Of course all this happens silently in the dead of night and nobody seems to notice. It’s not until taxes come into play as a means to mitigate the wholesale “redistribution of wealth” economic disaster on the middle and lower class that the other meaning of “redistribution of wealth” rears its ugly mythic head. And even then those decrying the redistribution of wealth to be a rising socialism fail to notice that close to 8 trillion dollars of present and future taxpayers money has been redistributed upward to the same few (and failing) elite institutions and individuals.

On the one hand the whole story of redistribution of wealth is really a redistribution of wealth from whence it was stolen,  and on the other hand its trumped up and imagined evil (for political purposes) is a sucker punch at the notion government itself. Because for some reason it’s alright, or even encouraged for the private sector to rig the system to redistribute money from the middle and poor class upward, but when the government for the people, does the same to the rich, it’s suddenly transformed and levitated  into the epitome of evil.

generic pop country

Wednesday, September 22nd, 2010

Not sure what this all means, but seeing how I’ve always lived in (dark blue) generic pop country, with occasional but pleasant forays into generic soda country, it never dawned on me that the entire South was almost exclusively coke brand country. Just another weird cultural quirk, or might this have something to do with predilection for unconscious brand loyalty icon polishing, or simply another way of saying this is what I identify with and I’m sticking with it – no matter what – for ever.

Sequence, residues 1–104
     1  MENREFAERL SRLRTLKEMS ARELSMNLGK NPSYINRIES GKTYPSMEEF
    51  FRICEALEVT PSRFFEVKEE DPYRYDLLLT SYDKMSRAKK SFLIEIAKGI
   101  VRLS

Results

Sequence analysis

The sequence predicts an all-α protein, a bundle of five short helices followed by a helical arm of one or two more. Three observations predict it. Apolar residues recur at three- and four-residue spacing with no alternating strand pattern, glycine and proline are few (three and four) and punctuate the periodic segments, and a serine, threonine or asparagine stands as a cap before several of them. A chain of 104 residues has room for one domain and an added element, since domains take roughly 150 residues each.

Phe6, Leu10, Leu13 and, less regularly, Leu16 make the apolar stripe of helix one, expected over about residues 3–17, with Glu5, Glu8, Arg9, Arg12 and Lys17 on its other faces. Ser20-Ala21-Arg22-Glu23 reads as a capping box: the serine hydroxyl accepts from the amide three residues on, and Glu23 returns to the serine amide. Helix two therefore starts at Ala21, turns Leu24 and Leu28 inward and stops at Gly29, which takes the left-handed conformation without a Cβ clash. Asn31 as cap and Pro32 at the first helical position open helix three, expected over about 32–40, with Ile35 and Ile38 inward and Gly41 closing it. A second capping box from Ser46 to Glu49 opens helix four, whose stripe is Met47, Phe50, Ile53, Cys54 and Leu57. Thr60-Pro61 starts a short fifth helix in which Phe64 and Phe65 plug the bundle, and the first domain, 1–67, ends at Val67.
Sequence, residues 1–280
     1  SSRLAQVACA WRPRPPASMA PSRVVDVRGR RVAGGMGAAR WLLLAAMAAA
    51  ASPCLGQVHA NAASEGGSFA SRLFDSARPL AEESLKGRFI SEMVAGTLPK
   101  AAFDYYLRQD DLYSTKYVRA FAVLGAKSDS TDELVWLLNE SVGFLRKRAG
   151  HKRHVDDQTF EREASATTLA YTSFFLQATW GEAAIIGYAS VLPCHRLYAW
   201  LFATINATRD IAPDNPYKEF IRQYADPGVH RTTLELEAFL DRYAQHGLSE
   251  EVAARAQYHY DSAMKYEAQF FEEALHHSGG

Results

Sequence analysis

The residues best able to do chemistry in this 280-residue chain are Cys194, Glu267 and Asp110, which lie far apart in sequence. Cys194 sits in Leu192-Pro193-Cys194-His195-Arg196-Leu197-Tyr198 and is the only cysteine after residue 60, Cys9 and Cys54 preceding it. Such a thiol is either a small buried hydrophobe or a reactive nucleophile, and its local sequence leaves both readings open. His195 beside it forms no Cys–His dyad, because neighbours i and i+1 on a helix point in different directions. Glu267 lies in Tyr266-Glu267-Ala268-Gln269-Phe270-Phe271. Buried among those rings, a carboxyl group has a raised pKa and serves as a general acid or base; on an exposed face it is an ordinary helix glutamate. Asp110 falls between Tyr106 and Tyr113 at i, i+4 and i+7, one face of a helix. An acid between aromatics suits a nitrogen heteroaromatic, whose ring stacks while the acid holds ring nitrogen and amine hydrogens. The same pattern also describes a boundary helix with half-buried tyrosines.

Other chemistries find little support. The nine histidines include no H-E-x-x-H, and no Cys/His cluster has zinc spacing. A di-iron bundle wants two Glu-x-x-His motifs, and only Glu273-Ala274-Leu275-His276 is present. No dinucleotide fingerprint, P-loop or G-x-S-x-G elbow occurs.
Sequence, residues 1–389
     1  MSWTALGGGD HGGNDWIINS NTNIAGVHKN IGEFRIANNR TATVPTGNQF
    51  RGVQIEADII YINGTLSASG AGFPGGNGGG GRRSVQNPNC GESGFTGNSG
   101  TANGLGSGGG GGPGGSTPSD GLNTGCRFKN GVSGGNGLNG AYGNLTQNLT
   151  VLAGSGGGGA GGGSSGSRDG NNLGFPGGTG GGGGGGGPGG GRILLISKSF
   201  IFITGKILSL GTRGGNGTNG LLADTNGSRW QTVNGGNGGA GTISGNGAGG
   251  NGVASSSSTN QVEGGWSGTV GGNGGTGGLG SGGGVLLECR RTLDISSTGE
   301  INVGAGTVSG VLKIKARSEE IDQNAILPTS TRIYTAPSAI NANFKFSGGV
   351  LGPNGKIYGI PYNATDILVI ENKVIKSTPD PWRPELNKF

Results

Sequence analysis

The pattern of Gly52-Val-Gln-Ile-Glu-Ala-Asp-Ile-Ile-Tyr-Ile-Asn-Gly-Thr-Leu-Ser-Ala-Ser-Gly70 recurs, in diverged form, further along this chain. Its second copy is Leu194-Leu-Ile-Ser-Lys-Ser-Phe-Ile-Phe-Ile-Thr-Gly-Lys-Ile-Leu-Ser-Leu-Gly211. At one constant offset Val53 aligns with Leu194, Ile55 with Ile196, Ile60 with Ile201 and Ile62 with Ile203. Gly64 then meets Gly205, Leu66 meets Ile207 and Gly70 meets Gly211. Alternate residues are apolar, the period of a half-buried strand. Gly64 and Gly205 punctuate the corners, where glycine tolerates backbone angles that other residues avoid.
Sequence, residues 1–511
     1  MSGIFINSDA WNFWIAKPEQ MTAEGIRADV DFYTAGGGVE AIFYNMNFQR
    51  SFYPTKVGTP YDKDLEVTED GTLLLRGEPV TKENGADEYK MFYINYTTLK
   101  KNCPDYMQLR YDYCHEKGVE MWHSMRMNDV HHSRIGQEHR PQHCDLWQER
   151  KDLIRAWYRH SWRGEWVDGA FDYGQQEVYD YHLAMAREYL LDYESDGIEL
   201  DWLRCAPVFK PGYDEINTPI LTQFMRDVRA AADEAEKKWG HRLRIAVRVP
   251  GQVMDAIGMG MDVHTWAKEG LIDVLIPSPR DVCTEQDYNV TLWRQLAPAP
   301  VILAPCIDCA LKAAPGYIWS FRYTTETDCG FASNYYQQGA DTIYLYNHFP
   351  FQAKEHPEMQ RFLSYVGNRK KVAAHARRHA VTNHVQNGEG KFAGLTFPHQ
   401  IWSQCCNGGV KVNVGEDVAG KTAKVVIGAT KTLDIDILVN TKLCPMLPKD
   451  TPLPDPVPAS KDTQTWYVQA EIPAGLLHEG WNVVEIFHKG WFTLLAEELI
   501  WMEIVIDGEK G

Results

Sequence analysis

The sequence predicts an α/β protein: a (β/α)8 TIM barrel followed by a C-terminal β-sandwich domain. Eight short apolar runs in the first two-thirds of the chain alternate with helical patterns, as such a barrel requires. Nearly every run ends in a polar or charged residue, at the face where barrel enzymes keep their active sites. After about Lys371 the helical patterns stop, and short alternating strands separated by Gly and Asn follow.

Click here for full sized map

contrast gainer

Wednesday, September 22nd, 2010

This is the latest Barbra Boxer ad making the rounds, and is a nice example of the “contrast gainer” idea. In a lot of ways it reminds me of the many video quotes by Allan Greyson, very simple statements, presented as indubitably true both in fact and sense. One would think that because this advantageous strategy is so infrequently used  on the Obama democratic front, that they either don’t believe the truth, can’t stand up to such comparisons themselves, or know implicitly that the truth will set them free (of their funding sources). The best testament of how well this works is how Allan Greyson – a fucking freshman congressman – is often depicted in republican ads as democratic enemy numero uno. He’s not despised by the right wing for the status, power, or threat he has already accumulated, but because he is showing the way.


So I guess today is the day of the campaign video. So here’s another:

And another one. This one is really to the point – short, simple, and on the record. Who would vote for this woman after just these few points?

h/t digby

UPDATE: Here’s the latest from Allen Greyson himself, who is running against a reconstructionist teabagger, who apparently is trying to make his established views disappear frrom the record:

who took my dog whistle

Monday, September 20th, 2010

Phoenix Woman over at FDL has a great recap of what has transpired so far with the Tea Party movement:

There is a claim going around progressive and mainstream media circles that “Tea Party” victories in Republican primaries show that the GOP isn’t as lockstep as believed. But the Tea Party rebellion isn’t against the Republican platform — as we will see, the current co-opted iteration of Tea Party candidates have to back the GOP platform in order to qualify for funding — but against the belief of Republican Party leaders that it’s best for the GOP base to not show its true colors lest they lose general elections.

She goes on to outline how the Tea Party developed from a grass roots movement to co-option by the party in order to motivate the base;